Acts 11:1-18 Repentance Was Granted To Gentiles.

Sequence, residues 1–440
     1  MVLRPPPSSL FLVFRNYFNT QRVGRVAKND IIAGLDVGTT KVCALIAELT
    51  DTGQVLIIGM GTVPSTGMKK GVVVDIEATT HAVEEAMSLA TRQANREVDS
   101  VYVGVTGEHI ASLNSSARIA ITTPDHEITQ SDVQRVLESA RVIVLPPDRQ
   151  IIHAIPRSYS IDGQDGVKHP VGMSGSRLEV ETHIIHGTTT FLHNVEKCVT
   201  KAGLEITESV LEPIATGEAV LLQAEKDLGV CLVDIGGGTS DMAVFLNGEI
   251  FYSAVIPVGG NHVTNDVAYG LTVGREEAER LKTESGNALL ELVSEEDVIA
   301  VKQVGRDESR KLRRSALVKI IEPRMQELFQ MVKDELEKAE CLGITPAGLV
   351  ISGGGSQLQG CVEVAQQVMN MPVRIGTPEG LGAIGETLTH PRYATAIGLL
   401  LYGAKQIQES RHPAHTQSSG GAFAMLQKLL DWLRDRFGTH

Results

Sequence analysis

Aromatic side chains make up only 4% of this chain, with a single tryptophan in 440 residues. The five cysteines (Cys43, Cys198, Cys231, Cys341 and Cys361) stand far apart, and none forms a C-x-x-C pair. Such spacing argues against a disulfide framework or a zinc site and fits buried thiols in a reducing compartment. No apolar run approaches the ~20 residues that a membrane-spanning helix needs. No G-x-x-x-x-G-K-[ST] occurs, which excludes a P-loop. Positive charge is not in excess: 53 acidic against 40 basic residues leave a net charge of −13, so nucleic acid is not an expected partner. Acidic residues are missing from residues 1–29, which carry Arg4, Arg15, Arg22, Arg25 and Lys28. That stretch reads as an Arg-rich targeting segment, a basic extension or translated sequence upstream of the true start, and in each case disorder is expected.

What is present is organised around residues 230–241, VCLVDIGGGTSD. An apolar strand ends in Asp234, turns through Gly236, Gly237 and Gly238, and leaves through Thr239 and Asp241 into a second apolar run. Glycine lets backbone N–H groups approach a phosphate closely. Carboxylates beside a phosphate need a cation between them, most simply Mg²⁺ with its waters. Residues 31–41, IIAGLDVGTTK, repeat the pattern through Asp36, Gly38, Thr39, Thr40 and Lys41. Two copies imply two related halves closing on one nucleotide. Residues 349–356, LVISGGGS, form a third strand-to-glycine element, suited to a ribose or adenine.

Peter and the other apostles and brethren knew that the Gentiles had received the word of God (v. 11), because they had a proper fear of God, which was seen in works of righteousness (10:35). They had also received the Holy Spirit, according to God’s sovereign will (10:44-48). Nevertheless, “those of the circumcision contended with him,” because he associated with the Gentiles (vv. 2-3). So Peter had to educate them just as God had to educate him (vv. 4-15). In recounting what had transpired, Peter reiterated why he had gone to Caesarea-that the people there might hear the words by which they might be saved (v. 14). This account also included the Holy Spirit’s coming upon the hearers, and Pater said that he then remembered the words of the Lord Himself when He said, “John indeed baptized with water, but you shall be baptized with the Holy Spirit” (v. 16 Cf. Mt. 3:11; Mark 1:8; Jn 1:26, 33; Acts 1:5; 19:4). Therefore this was also a fulfillment of the Lord’s words, and Peter argued that it would not be right to discriminate against these brethren when they had clearly been accepted by the Lord (v. 17). “When they heard these things they became silent; and they glorified God, saying, “then God has also granted to the Gentiles repentance to life” (v. 18). With these words we also see that repentance, like faith, is also something that must be “granted.”